A core element to our general emergency preparedness plans is a plan to communicate with family members when we’re not together. Whether you happen to be separated outside the home when a crisis occurs or you simply don’t reside with your immediate family members, knowing when and how to communicate when the time comes should be established well before you need to do so.
How To Communicate – The Internet
Did you know that, in the event of a large scale disaster, the internet is the most reliable communication channel? Widespread disasters (i.e. hurricanes, wildfires, earthquakes) can cause power disruptions or outages and impact regular phone lines so those in need rely on their mobile networks to reach emergency services.
We want to make sure that those people can reach first responders as quickly as possible, so when we need to contact our family members to check on them or to start a reunification process, consider using internet-based communication like instant messaging, email, or social media (including messaging tools).
Have conversations with family about the communication tools you will plan to use in an emergency and, if you’re unfamiliar with any of them, take the time to learn so that you’re ready for any future event (this also reduces the stress of learning a new tool under pressure). Finally, consider what your backup tool is going to be if your first choice isn’t available when you need it.
How To Communicate – Out Of Area Contacts
If for some reason, you cannot reach your loved ones through your predetermined communication channels, you can use an out of area emergency contact that is a central point for your entire family.
Why have an out of area contact? Family members or close friends who live out of the immediate area are unlikely to be impacted by the same disaster as you and in past large scale disasters, long-distance phone lines have proven to be reliable (and don’t interfere with the local emergency calling that happens). This contact becomes your family’s central point of communication to provide updates and check-in on the status of the rest of the family until communication channels are restored.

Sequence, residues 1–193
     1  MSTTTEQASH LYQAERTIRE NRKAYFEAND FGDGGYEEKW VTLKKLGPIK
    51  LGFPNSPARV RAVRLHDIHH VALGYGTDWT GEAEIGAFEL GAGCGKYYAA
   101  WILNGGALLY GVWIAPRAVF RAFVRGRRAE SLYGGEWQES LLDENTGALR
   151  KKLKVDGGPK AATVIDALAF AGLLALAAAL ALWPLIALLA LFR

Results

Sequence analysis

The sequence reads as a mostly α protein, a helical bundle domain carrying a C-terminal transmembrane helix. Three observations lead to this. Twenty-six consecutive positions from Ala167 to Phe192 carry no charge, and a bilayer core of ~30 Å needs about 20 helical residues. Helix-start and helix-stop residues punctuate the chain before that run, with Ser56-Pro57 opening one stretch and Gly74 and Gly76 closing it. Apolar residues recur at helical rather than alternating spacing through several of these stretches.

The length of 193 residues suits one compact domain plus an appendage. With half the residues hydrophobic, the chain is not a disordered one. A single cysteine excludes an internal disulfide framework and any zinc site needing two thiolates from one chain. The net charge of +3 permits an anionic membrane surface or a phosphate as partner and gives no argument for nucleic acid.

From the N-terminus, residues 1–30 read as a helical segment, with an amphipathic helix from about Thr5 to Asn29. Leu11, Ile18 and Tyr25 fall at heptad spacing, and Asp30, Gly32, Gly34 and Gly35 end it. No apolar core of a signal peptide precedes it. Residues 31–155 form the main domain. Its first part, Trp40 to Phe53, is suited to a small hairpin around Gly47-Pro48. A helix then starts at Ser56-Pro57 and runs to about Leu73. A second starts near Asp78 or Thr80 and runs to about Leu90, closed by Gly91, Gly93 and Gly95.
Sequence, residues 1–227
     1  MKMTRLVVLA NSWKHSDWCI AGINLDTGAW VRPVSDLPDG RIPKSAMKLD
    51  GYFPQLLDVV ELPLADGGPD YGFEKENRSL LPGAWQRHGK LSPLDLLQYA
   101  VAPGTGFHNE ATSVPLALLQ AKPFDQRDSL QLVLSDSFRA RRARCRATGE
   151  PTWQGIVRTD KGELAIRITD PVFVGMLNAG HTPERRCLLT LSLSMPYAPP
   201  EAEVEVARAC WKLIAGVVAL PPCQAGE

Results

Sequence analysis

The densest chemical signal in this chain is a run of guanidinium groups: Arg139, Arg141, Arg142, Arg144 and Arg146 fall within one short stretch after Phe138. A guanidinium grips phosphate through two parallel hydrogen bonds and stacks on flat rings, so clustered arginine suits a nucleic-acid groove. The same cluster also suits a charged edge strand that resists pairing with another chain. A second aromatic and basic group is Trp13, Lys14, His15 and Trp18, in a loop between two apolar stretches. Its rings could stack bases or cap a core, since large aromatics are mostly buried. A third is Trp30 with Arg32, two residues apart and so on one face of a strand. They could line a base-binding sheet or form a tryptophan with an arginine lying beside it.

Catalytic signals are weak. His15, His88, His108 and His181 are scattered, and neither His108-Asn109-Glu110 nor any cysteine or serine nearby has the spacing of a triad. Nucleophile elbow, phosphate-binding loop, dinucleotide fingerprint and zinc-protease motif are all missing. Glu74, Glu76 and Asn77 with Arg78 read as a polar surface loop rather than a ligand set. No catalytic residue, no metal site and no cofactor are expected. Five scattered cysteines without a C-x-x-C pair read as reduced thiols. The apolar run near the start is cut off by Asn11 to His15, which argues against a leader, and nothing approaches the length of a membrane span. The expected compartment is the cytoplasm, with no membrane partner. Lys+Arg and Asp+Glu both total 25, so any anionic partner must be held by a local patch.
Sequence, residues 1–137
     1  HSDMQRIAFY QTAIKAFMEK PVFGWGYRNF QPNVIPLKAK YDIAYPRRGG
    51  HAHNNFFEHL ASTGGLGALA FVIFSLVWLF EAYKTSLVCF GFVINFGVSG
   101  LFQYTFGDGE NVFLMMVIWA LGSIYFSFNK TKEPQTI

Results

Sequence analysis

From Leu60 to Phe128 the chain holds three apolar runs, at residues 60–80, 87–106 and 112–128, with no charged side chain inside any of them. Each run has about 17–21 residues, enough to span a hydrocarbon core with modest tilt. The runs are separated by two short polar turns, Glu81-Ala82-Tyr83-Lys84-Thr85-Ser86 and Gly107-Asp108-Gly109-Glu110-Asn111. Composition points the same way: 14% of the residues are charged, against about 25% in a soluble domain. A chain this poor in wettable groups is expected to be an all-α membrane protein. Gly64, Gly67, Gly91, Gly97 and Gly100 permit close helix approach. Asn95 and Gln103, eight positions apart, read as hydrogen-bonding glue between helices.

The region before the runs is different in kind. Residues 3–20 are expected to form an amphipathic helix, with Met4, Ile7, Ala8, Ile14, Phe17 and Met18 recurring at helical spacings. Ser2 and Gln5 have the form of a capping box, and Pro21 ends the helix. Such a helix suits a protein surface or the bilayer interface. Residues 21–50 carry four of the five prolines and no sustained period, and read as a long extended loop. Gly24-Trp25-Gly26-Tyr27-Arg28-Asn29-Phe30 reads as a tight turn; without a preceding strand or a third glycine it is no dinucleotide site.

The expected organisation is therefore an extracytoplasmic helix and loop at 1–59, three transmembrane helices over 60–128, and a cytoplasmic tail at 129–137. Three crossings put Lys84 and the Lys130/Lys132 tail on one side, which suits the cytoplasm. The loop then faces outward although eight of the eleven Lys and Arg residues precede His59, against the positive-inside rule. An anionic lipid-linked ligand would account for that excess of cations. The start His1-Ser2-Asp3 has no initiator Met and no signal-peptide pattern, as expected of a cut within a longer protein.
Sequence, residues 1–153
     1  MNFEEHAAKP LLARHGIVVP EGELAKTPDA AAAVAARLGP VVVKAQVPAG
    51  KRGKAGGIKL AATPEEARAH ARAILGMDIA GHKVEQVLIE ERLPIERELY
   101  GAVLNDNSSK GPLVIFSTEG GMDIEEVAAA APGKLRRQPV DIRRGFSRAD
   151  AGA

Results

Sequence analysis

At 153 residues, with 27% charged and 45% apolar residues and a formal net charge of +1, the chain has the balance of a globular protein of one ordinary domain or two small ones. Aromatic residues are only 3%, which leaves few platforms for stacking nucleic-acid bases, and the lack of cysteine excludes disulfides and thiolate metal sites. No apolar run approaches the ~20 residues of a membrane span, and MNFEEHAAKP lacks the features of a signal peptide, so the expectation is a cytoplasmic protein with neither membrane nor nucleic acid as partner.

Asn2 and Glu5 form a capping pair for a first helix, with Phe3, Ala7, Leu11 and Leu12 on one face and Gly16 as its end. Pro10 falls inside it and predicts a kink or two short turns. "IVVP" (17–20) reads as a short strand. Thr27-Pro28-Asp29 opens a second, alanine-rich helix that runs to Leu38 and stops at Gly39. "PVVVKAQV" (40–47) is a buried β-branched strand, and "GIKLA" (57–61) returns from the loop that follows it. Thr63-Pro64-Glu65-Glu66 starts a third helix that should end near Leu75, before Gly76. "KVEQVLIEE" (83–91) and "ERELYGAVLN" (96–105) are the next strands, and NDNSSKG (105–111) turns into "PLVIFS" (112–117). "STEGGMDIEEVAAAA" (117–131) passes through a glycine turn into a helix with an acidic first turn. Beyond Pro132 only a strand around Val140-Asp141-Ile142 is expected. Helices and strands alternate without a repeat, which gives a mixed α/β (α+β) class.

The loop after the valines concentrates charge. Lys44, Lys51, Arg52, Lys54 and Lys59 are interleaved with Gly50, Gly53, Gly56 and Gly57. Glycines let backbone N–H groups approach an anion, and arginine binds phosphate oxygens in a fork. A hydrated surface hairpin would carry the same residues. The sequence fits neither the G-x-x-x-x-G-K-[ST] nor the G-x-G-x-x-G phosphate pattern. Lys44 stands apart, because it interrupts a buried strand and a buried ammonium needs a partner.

How to Communicate – Manual Methods
If you and your family live close enough to one another, you might be able to make use of communication tools like walkie talkies or hand-crank radios when all else fails. Of course, these have limited range so they’re best used if you’re within a certain distance of one another (most walkie talkies have a range from a few hundred meters to a couple of miles).
As with your internet communication tools, take the time to get the best item for your needs and make sure you know how to use it before an emergency happens. Be sure to keep these charged so they’re ready to use at a moment’s notice and make sure you have backup batteries or charging options.
How to Communicate – ePACT Network
Create a Private Personal Emergency Record (PPER)™ in ePACT so that you can store critical emergency information and connect it with friends and family to create your own personal emergency network.
If you connect your PPER to organizations that your family relies on, such as Parks & Recreation, YMCAs, schools, sports associations, or camps, then they can use the system to communicate with you and your emergency contacts across voice, email, and text messages. This is key if your children happen to be in one of those facilities when disaster strikes – when they can reach you quickly and effectively, you can be confident that you’ll know what to do the moment something happens (and the same is true for less serious emergencies, like a late bus or change in location for a program or activity).
The best way to deal with any emergency is to prepare beforehand, so take the time to connect with your family members and discuss what your emergency and communication plans look like.
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